It’s been proven that patient blood management implemented for patients undergoing TJA or TKA would decrease blood transfusion, length of stay, morbidity, and readmission [27]. Effective methods to preoperative correction of anemia include the use of erythropoietin (EPO) and oral or intravenous (IV) iron supplementation [28]. However, EPO may increase the risk of thromboembolism [29]. To ensure its safety and efficacy, EPO must be administered together with iron to enhance its therapeutic effect. In the meantime, measures to prevent thrombosis formation must be taken [30]. Oral iron is a low-cost way to treat anemia, but to be more effective, patients must take oral iron 3–6 month before surgery [28]. Compared with oral iron, intravenous iron therapy is faster in improving Hb levels and has better tolerance [31]. However, as intravenous iron administration is invasive and costs higher, Smith A and Moon, T do not recommend preoperative IV iron therapy for all patients scheduled for major orthopedic surgery [32].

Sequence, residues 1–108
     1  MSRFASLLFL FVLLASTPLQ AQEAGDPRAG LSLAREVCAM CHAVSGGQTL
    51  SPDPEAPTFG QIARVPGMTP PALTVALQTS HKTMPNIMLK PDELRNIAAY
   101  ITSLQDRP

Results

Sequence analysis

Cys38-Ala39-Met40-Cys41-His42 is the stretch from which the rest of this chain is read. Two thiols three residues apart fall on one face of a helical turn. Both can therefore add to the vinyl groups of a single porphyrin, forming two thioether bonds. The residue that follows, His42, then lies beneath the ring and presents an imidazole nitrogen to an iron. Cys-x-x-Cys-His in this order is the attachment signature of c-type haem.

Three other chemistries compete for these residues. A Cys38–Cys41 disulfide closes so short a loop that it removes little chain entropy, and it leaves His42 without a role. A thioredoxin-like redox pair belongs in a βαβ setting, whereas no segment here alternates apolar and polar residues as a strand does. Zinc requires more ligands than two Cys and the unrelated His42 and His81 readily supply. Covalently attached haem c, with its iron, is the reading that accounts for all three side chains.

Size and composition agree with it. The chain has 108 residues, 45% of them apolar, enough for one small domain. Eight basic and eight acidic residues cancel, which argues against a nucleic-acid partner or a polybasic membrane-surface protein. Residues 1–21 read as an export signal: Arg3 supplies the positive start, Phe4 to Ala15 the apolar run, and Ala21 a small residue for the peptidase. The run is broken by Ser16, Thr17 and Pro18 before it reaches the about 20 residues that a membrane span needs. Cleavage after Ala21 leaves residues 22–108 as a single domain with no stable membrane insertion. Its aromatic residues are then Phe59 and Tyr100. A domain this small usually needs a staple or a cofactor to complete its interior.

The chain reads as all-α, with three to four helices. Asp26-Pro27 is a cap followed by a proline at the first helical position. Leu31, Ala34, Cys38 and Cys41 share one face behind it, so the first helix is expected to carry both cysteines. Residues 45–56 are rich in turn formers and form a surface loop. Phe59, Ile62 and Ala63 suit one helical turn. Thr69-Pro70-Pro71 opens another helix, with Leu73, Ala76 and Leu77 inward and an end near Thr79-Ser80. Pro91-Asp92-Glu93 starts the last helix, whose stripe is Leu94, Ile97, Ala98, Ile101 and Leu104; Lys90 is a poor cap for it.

The normal lifespan of human RBCs is approximately 120 days, and even if the lifespan is decreased by inflammation, a clinically significant reduction in erythrocyte count does not usually develop until weeks to months after the onset of the underlying inflammatory disorder [21]. The disease course of TKA patients is relative long, with a mean onset time ranging from months to decades, and most TKA patients are with advanced KOA, the surgeries for these patients are not life-threatening. Therefore, when preoperative anemia is found in TKA patients, they can choose the appropriate method to optimize the state of preoperative anemia.

Strengths and limitations